- Ahead of the upcoming Legislative Session, Attorney General Ashley Moody publicly endorsed Senate Bill 736, which would permanently add nitazene compounds — colloquially known as Frankenstein opioids — to the list of Schedule I substances.
- The classification would also prevent the drug from being administered in controlled medical environments, as it would not meet accepted safety standards.
- The bill, filed by Sen. Jason Brodeur, has been referred to the Criminal Justice and Fiscal Policy committees.
State Attorney General Ashley Moody is offering her public support for Senate Bill 736, filed by Sen. Jason Brodeur, which would permanently add nitazene compounds — colloquially known as Frankenstein opioids — to the list of Schedule I substances in Florida.
According to state law, a substance demarcated by Schedule I classification has a high potential for abuse. Per the Office of the Attorney General, nitazene compounds are synthetic opioids that have been found to be significantly more potent than fentanyl.
The label would also prevent the drug from being administered in controlled medical environments, as it would not meet accepted safety standards.
Brodeur’s bill, filed on Feb. 17, has been referred to the Criminal Justice and Fiscal Policy committees, where the legislation will be reviewed during the upcoming Regular Session.
In addition to permanently banning the chemical compounds, Brodeur’s legislation would also create a nitazene derivatives class that controls substances based on chemical structure and will include current emergency-controlled substances, thus reducing the need for emergency-drug-schedule requests.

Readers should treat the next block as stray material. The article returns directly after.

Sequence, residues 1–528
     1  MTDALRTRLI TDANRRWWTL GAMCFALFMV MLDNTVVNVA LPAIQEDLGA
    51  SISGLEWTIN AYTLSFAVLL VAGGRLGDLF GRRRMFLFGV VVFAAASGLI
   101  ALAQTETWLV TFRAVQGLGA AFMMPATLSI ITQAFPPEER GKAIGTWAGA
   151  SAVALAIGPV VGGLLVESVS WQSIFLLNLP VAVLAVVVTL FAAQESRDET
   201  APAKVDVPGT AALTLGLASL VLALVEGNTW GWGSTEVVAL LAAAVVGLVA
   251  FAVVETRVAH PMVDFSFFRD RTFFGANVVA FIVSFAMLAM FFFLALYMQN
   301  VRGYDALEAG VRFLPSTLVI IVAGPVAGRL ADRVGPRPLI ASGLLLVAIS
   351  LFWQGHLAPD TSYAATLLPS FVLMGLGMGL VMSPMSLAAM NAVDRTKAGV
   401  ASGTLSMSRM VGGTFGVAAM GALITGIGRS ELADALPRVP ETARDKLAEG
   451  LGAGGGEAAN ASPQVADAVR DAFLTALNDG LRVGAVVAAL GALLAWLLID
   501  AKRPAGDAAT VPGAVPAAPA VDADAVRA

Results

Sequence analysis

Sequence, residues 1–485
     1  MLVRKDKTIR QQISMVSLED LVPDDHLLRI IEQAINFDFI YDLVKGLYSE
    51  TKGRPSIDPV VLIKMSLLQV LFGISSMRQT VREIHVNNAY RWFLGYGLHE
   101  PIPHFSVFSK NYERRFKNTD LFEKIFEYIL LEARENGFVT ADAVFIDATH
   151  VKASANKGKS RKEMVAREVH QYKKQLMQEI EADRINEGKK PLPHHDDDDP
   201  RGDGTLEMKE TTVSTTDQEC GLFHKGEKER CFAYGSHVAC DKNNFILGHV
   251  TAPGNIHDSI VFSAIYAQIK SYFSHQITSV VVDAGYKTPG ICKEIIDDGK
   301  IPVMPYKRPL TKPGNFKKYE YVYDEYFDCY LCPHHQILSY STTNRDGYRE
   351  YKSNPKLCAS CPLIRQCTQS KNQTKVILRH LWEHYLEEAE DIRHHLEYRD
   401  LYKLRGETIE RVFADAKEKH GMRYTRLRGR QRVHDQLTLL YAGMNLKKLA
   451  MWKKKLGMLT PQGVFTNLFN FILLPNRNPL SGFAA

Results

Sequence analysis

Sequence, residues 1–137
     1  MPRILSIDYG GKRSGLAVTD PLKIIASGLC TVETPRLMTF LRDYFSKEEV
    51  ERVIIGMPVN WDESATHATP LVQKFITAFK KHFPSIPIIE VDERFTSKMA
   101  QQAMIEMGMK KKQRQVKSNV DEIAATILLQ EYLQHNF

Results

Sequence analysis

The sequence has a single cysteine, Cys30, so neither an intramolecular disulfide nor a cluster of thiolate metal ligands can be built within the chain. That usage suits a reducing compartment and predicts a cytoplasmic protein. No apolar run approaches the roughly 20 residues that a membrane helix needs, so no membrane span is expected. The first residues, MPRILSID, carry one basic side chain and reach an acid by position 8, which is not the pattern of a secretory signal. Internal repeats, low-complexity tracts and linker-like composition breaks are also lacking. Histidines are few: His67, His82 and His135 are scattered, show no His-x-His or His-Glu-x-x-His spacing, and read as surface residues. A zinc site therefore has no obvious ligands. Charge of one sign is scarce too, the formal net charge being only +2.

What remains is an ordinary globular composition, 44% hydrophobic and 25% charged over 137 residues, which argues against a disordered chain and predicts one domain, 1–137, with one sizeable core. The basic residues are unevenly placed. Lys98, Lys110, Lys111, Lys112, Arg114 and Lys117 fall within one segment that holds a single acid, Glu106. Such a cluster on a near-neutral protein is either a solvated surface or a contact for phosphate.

“Last year, I signed an emergency rule temporarily adding these deadly nitazene compounds to the Schedule I controlled substance list,” said Moody. “I am proud to announce my support for SB 736, which will permanently add these incredibly deadly drugs to the Schedule I list. For years, I have been warning about how just one pill laced with fentanyl can kill, but with some of these nitazene compounds that message is becoming, one pill will kill.”
In 2021, drug overdose deaths topped 100,000, according to the National Institute of Health, with many directly attributable to synthetic opioids. Last year, the Florida Department of Law Enforcement identified more than 140 incidences of synthetic opioids across the state, with a further 34 occurrences so far in 2023.
“I am proud to fight with [Attorney General Ashley Moody] this legislative session to permanently ban these substances and any additional compounds that could be abused and kill Floridians,” said Brodeur.
Slowing the spread of opioid substances has been a chief priority of state leaders of late, including Gov. Ron DeSantis and First Lady Casey DeSantis, who announced plans earlier this month to utilize $205.7 million from the state’s Opioid Settlement Agreement to create an Office of Opioid Recovery.
The office will operate as an arm of the Department of Children and Families and oversee treatment and recovery efforts throughout the state. The money will be spent on establishing the office, improving access to treatment and recovery services, and developing educational prevention materials, as well as expanding the Coordinated Opioid Recovery (CORE) Network.
The Opioid Settlement Funds will also be used to distribute 186,000 naloxone kits to hospitals, county health departments, and community behavioral health settings to plan for naloxone saturation needs.